What’s Up With Bogart, Gable &
the Other Hemingway Cat Friends?
Throughout his adventurous life, few creatures brought Ernest Hemingway more pleasure than cats. So, only three years after his tragic death in 1961, Bernice Dixon bought his Key West home and turned it into a museum to celebrate one of America’s greatest writer.
Thing is, soon enough, visitors seemed more interested in the cats, lots of them, than in Papa’s legacy itself. Now they number at 45, and the house doubles as a museum and a sanctuary to them, all supposedly descendants of one of his favorite cats. Also, they’re all polydactyl.
Another distinguished characteristic sets this felines apart: most of them are named after movie stars and famous people, both the living, and those who’ve passed away and rest on a private cemetery in the museum grounds. Now their tranquil existence as keepers of Papa’s life is being disturbed by a recent legal decision.
The U.S.Court of Appeals ruled that the Department of Agriculture has jurisdiction over the cats, subjected to the same rules that regulate zoos and traveling circus animals. So, the care for some of the best treated felines in America now requires a federal license, and as such, it can and may as well be revoked.
In one incomprehensible bureaucratic twist, a lot of federal, state and local laws and resources are being directed at a group of cats that have been helping the public interest in the life and work of Hemingway to remain very much alive. They’re also essential for the museum’s fund-raising efforts and sale of exclusive keepsakes at its store.
At the same time, just a few blocks of its location, and throughout the Florida Keys and many parts of the entire U.S., stray and abandoned cat populations remain a health hazard and local nuisance. They just weren’t lucky enough to meet Hemingway’s attention, or Ms. Dixon’s dedication. She passed away and the museum is now run by her great-nephew.
THE HEMINGWAY OR THE HIGHWAY
Local lore has it that the six-toed felines ‘descend from Snowball, a fluffy white cat who was a gift to the Hemingways,’ according to NYTimes’ Lizette Alvarez. Apparently, pirates too had a thing for polydactyl cats, believing they would bring a plentiful bounty or, at least, the promise of not dying away from land.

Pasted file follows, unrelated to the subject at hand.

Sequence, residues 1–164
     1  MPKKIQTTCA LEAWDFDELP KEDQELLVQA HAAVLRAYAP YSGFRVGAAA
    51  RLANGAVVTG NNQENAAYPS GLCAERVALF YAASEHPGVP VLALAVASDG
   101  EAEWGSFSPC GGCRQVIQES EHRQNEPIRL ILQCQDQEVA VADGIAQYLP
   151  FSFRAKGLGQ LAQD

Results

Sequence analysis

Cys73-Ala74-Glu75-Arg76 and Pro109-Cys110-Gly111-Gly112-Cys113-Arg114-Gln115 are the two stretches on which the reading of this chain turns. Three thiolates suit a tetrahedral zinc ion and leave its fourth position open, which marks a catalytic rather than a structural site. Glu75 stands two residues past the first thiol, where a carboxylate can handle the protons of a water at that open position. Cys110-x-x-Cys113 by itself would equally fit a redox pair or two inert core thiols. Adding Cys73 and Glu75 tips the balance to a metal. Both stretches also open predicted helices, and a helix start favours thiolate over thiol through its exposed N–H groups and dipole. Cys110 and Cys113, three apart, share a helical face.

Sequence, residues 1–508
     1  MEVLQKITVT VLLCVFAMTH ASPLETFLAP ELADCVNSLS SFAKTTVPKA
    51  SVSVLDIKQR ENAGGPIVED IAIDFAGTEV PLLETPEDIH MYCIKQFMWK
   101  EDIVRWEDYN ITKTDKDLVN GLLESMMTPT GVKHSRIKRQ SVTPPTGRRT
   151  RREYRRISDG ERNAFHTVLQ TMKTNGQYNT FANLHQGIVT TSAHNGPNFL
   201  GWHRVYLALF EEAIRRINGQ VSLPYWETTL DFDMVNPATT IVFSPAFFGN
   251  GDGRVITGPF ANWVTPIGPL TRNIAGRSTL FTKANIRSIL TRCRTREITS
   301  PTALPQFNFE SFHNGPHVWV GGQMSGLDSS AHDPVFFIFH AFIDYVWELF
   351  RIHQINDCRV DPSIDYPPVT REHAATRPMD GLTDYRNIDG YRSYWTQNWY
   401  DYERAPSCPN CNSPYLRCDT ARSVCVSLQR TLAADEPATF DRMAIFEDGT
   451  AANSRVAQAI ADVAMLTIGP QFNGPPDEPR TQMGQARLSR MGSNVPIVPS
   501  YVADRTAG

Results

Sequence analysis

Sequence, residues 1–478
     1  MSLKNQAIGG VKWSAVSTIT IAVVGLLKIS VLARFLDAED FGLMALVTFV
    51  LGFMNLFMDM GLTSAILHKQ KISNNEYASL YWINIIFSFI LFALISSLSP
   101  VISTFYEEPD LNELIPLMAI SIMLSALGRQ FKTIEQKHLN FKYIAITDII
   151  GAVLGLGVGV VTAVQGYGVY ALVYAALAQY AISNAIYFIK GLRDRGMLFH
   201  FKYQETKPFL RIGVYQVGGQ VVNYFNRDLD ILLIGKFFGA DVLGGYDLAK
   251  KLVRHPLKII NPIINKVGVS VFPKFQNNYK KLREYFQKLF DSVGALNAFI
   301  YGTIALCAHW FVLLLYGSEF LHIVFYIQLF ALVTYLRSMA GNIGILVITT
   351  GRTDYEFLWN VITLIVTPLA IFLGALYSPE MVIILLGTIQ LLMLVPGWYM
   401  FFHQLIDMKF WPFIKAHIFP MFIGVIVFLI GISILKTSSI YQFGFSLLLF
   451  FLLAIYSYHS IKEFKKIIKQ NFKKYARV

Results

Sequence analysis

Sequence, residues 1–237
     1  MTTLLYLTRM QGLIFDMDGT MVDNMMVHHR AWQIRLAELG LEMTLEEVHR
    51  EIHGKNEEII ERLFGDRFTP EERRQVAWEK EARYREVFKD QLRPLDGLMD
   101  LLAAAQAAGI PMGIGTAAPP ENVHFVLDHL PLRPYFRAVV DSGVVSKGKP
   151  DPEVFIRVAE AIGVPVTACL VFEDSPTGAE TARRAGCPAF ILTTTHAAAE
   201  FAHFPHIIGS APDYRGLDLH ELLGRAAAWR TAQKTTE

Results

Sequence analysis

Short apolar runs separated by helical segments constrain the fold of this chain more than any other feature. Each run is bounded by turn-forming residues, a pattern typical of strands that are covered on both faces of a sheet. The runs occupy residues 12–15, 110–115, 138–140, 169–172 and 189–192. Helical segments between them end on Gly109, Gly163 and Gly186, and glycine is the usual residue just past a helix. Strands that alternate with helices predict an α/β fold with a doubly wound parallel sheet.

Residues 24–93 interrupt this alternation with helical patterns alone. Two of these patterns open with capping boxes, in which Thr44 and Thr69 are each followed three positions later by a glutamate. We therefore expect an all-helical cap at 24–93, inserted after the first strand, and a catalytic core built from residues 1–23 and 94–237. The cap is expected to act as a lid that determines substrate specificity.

There are many pictures of Hemingway with cats, as a quick Internet search reveals, but there’s also some doubt as to whether he even had a multitoed cat around, when he was alive. Still, the photographs offer a benign side of Hemingway, otherwise known for battling multiple demons of his own.
Lionel Barrymore, Harry Truman, and even Francis, named after a hurricane, no less, are happy to bask in the attention visitors lavish upon them. This being a museum and all, they’re also the only ones allowed to climb on the house’s original furniture and everywhere else as they damn as well please.
In fact, their presence throughout the grounds, and the attention they receive from strangers, may be appropriate stand-ins for the author of The Old Man and the Sea, For Whom the Bells Toll, and The Sun Also Rises. It’s as if they’re a reminder that their species once considered a human one of their own, and even allowed him to be their friend.
Now that he’s gone, tell those suits from the Animal Welfare Act that the kids will be alright, thank you very much, without their intervention. After all, when it comes to understanding how Hemingway or some of us feel about cats, it’s just like the title of another book of his: you either Have it or Have Not.